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And now, some madcap cartographic action

Two maps, via Pro State in Flames:

First, places mentioned in the Shan Hai Jing and their locations on a world map:

JDM070319shanhaimaps.jpg

The map claims to show Chinese knowledge of the world at the time of Yu the Great, legendary founder of the Xia dynasty in the 21st century BC. The map's creator has found place-names in the Shan Hai Jing that resemble names today, justifying their correspondence through a theory based on a pre-Babel proto-language. The author is also interested in stories about King Mu of Zhou, whom he claims is actually King Solomon of Israel. (link)


Next, a Japanese map showing the extent of Korean world conquest:

JDM070319koreas.jpg

The provenance of this one is unclear; Pro State picked it up from Jia Jia, another Bullog blogger. It's likely related to the same dispute over the Dokdo/Takeshima islets that spun off the Korean Martian conquest theory and this Photoshop thread.

Any further information on either map is welcome.

There are currently 11 Comments for And now, some madcap cartographic action.

Comments on And now, some madcap cartographic action

WHAT?

Could you post some more informative links?

[[EDITOR'S NOTE (JM): Sorry, the Shan Hai Jing link got scrubbed out. It's been added back.]]

I guess Beijing's jealousy of the Egyptians/Pheonicians got the better of them. And having a chinese as King Solomon makes China the founders of The Illuminati and gives China legitimate claim to most of Africa, Isreal, Syria, Jordan and Lebanon. They should all bow down and make way for migrant workers and commie bosses, the Temple Mount is under new management.

"Beijing's jealousy of the Egyptians/Pheonicians got the better of them"... Huh?

This map is just the product of someone's online fantansy, not unlike the other billion weird stuff on the Net. I think it hardly qualifies as the official stance of the Chinese government.

BTW, the Christians have been trying to claim for centuries that everything of all cultures in the world originated from their "God", so why not let others say some crazy stuff once a while?

"BTW, the Christians have been trying to claim for centuries that everything of all cultures in the world originated from their "God", so why not let others say some crazy stuff once a while?"

Except that similar concepts of "God" exist in most other cultures, including ancient Chinese. Take that commie shill.

韓國人想象中2040年亞洲地圖
EDITOR'S TRANSLATION: Korean people's imagnary map of Asia in 2040
http://www.kungfuboard.com/forums/showthread.php?p=371425

Fool's world map
http://www.chakuriki.net/world/

Christian God and pagan gods are very different concepts. Go get the facts straight before making personal attacks here. Think with your brain before you say anything.

"BTW, the Christians have been trying to claim for centuries that everything of all cultures in the world originated from their "God", so why not let others say some crazy stuff once a while?"

care to justify that a little with a few examples, because when you put it the way you do, I have to say: first I've heard.

"justify... with a few examples"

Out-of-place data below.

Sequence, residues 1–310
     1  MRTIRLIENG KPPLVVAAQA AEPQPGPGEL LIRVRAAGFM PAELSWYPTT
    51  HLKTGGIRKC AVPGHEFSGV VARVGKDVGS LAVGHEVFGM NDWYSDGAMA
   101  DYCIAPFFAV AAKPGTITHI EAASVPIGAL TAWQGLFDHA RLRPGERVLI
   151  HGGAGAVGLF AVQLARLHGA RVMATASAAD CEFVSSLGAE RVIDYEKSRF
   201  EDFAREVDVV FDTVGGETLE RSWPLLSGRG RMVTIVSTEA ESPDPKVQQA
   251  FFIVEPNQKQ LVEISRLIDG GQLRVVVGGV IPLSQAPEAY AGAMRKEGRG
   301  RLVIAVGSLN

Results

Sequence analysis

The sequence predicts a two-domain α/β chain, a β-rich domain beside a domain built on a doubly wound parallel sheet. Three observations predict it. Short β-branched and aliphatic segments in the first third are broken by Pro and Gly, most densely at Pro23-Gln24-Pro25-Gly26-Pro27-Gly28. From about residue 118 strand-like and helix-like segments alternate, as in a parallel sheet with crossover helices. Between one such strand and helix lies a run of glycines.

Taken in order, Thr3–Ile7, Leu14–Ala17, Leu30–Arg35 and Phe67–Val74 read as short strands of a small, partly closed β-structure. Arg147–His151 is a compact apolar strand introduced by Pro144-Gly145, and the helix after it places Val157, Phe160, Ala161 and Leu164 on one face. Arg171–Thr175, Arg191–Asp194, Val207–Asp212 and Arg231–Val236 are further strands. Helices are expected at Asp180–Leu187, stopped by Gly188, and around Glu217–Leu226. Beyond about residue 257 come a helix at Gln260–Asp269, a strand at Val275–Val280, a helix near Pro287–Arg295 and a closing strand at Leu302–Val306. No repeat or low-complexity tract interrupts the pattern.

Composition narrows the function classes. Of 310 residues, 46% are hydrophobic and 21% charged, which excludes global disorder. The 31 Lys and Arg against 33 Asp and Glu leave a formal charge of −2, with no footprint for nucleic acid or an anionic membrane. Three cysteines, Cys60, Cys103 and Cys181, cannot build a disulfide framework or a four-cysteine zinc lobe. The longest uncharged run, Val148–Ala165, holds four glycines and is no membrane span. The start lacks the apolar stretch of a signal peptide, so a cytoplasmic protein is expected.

Have you never been to a Christian church? Even not, you must have heard some of their preachings through the media or somewhere. That's what the entire concept of Christianity is based on, that everything in this world is a creation of their "God". And they try to rationalize it by looking for similarities between the Christian version and some other indigenous folk tales. For example, I've heard Chinese Christians claiming the Chinese exclaiming expression "天啊" (literally: Oh sky) to be an address to "the God" (like Oh my God). Such similarities are probably no more than anthropological convergence, but are being used as justification of their claim that everything was created by their God. Chinese and many other cultures actually have folklores about the creation of the world very different from the Judeo-Christian version, not that I buy into them any more than the Christian one.

sorry george. you are completely wrong on this. as one who grw up in a christian country and having been exposed to all kinds of christian thought, I can tell you straight that I have never, ever heard christians making claims that "everything of all cultures in the world originated from their "God". that's just plain silly of you. yes they may claim that all life (biological) came from their god, but it really doesn't go as far as cultural primacy (except maybe in some crazy bible belt evangelical church)

"they may claim that all life came from their god"
That was my point originally. And if you have any logical reasoning abilities, what would the implication be, given that human life gave rise to cultures?
The notion that all life came from the Christian god was the crazy idea I was referring to, and such crazy talks are tolerated, then why not some others? And trying to defend these crazy ideas by micro-differentiation is just so typical of organized religion.

Er, no George, your first point was : "BTW, the Christians have been trying to claim for centuries that everything of all cultures in the world originated from their "God"" - very different from saying all biological life came from god.

My point however is that Christians do not claim that all aspects of global culture originate from god/Christianity. For example, I have never heard Christians say that aboriginal rock art originates from 'their' god. I have never heard Christians say that Islamic Moorish architecture comes from 'their' God. It is only your quite ridiculous logical reductionism that does that.

Care to justify a little with a few examples?

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